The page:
Ben Lerer
Fabrice Grinda

Venture Investors Get Fashion Fever As Early Stage Deals Soar

Next Story

Morten Lund Looks Back At His Past Failures

Editor’s Note: Christine Magee is an analyst for CrunchBase.

There’s a brand new dance in venture capital, as investors have gone fashion-mad.

After watching JustFab and Gilt Groupe explode into billion dollar companies while Warby Parker raised over $100 million to sell stylish eyeglasses, investors are eager to discover the next big hit.

Venture investors have spent nearly $800 million in fashion-related deals so far this year, over half of which are seed stage fundings for young startups.

2014 investment totals are on pace to beat last year’s $900 million, with Q2 of this year seeing a record high of over $300 million in venture deals tracked.

High fashion e-commerce giants like JustFab and Gilt Groupe in the U.S., Zalora in Asia, Russia’s Lamoda and Brazilian Dafiti are all fashion marketplaces that have racked up some of the highest totals for venture investments in the fashion space.

But recently a new generation of vertically integrated, venture-backed brands have emerged, and investors seem to have no trouble keeping up with the latest trends.

Buck Mason, Frank & Oak, Jack Erwin and Mizzen+Main (which sound more like independent whiskey labels than tech startups) are just a handful of menswear brands that raked in venture dollars last quarter.

“You’re definitely seeing an explosion of vertically-integrated brands that are covering every vertical, every price point, and every distribution model,” says angel investor Fabrice Grinda, whose latest investments include handbag designer Dagne Dover, high end handbag resale platform Rebagg, and women’s lingerie brand AdoreMe.

Grinda is not the only one to blur the lines between tech and fashion, investing in companies where the tech aspect is not necessarily at the forefront.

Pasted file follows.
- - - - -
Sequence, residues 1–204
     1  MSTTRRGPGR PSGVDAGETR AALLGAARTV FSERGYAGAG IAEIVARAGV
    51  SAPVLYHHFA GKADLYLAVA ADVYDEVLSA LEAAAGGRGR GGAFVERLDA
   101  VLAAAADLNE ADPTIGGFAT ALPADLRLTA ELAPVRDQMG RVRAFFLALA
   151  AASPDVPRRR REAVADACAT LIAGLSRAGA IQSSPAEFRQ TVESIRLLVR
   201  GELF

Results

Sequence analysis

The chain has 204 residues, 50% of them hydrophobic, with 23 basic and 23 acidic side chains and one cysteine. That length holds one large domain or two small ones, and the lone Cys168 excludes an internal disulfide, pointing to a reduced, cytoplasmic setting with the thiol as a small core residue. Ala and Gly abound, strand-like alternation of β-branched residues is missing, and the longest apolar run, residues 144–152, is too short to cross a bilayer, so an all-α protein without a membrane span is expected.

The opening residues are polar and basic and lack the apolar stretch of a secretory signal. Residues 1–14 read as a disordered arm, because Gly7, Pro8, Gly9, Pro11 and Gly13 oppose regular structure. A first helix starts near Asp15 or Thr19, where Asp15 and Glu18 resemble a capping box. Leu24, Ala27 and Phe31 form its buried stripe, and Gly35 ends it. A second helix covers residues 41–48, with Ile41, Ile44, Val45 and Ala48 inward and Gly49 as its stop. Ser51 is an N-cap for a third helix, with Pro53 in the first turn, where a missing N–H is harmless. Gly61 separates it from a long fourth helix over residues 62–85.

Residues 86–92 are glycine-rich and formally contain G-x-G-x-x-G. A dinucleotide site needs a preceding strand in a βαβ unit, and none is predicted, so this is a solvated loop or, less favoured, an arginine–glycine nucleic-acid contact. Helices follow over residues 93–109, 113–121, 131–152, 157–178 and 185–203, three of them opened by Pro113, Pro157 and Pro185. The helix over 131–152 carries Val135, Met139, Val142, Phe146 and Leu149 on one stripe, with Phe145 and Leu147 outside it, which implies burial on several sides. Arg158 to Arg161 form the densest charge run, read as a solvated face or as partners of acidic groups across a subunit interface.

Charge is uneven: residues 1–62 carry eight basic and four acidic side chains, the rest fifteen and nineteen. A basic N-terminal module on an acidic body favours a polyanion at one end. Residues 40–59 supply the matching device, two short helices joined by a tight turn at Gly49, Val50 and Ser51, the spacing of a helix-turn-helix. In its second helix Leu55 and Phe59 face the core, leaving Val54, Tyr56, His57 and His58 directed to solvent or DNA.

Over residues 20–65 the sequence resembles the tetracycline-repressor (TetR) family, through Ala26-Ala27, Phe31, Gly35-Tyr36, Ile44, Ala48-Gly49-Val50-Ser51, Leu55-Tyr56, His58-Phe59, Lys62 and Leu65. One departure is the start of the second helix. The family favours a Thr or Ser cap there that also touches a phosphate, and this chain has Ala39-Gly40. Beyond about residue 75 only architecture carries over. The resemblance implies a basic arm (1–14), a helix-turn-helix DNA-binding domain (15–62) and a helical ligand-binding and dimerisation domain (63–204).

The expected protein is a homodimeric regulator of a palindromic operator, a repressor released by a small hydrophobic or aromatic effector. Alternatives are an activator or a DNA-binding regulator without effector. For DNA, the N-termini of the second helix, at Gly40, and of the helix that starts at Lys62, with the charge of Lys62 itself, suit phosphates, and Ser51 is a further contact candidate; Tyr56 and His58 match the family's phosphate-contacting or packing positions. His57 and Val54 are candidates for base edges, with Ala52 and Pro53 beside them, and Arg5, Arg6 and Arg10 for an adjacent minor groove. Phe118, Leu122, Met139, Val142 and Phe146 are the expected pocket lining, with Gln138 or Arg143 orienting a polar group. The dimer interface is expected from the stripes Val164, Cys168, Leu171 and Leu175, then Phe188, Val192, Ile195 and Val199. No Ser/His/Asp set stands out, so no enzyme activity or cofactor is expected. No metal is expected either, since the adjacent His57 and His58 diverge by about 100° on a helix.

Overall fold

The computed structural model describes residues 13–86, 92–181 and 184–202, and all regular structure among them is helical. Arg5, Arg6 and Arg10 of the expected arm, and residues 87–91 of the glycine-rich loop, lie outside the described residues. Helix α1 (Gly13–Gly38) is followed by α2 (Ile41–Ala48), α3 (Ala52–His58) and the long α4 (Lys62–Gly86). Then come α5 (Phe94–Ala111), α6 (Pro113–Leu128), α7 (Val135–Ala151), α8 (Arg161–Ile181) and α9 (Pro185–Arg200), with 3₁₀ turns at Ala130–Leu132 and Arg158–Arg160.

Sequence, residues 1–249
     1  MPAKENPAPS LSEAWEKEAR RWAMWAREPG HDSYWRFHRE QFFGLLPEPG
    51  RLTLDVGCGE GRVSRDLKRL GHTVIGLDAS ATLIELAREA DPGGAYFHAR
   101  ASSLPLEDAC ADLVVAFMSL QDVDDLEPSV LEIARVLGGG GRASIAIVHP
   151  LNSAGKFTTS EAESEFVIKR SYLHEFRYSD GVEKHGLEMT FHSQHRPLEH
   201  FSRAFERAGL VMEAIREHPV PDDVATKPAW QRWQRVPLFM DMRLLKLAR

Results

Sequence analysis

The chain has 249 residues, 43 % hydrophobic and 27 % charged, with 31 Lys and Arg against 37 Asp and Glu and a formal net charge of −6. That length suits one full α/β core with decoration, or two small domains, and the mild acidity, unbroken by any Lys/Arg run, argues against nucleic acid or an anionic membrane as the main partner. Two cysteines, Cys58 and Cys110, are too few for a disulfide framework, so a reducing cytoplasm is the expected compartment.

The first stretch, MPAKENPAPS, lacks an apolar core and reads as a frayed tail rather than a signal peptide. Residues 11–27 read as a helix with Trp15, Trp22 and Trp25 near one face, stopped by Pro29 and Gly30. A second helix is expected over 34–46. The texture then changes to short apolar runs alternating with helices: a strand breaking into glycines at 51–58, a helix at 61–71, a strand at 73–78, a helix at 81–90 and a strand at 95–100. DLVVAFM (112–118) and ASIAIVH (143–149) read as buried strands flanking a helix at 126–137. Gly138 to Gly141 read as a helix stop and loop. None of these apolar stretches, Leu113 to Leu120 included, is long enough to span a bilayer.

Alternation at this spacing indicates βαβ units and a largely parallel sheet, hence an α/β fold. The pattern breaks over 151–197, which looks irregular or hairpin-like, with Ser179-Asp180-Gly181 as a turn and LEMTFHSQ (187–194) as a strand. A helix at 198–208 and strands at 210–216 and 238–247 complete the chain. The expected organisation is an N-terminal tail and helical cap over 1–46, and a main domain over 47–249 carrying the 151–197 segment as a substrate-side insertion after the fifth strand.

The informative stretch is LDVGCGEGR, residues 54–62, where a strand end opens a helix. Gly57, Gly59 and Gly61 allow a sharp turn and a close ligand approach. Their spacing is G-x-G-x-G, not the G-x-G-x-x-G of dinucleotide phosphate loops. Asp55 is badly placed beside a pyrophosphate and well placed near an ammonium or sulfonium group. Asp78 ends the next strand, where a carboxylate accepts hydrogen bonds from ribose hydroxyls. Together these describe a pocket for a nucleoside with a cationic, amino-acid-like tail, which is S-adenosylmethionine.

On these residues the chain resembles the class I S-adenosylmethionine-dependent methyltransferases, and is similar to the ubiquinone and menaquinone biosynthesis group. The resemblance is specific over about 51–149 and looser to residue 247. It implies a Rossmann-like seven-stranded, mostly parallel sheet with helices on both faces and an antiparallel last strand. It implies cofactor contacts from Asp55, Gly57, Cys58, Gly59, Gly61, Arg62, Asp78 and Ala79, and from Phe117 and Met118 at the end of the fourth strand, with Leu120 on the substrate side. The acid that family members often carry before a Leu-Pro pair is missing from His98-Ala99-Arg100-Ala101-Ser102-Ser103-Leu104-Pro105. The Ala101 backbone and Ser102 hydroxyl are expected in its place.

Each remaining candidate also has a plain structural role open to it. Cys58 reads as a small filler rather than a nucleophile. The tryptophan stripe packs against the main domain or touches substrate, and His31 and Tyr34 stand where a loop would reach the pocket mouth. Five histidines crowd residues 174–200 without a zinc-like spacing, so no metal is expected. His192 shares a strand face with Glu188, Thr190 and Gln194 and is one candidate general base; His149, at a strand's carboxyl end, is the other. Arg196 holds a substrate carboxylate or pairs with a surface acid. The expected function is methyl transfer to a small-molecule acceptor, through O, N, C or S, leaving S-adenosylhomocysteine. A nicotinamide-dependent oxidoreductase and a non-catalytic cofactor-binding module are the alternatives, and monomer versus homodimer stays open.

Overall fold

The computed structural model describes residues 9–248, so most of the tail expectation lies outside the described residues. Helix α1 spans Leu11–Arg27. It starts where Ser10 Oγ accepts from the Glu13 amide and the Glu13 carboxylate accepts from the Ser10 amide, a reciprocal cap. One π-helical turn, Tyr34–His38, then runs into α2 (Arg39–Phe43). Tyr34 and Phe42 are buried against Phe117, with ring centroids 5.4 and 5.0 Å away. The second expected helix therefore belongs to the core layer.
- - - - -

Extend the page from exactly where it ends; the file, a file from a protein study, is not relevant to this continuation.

Accel, an early investor in menswear brand Bonobos and arguably the year’s most successful venture firm, tops a list of veteran investors who have been most active in the fashion space.

“This is directly related to a handful of companies – Warby Parker, Everlane, maybe Birchbox – coming of age,” says Lerer Hippeau’s Ben Lerer. “You see these companies that were funded as tech companies but ultimately have become fashion companies, and I think the maturity of this first crop is one of the big drivers behind it.”

After backing Warby early on, Lerer Hippeau Ventures has gone on to become one of the most frequent investors in the space, funding fashion-tech startups from clothing resale marketplace Twice to luxury running apparel brand Tracksmith.

“There’s a little bit of a playbook now of how to build a brand, online and quickly – you hear the ‘Warby Parker of…’ all the time,” says Lerer, not surprised that investors are taking an interest in fashion. “Now that that formula exists, that sector will get a ton of investment dollars flowing in.”

Not everyone agrees. “Apparel and fashion is a really tough spot in the economy,” says Andy Boszhardt of Great Oaks Venture Capital, “it’s a pretty risky place to be investing right now.”

Boszhardt prefers to invest in e-commerce marketplaces with very little inventory if any, which is reflected in Great Oaks’ most recent deals for Twice and clothing personalization service Bow & Drape.

The economy is only one risk factor – creating a brand ultimately comes down to a matter of taste.

“The conversation always comes back to ‘do we think that the founding team has that really sophisticated sense of brand,'” says Lerer. “And that’s sort of bizarre in a world where the most valuable entrepreneur has always been the technical co-founder.”

Photo via Flickr user Glyn Lowe.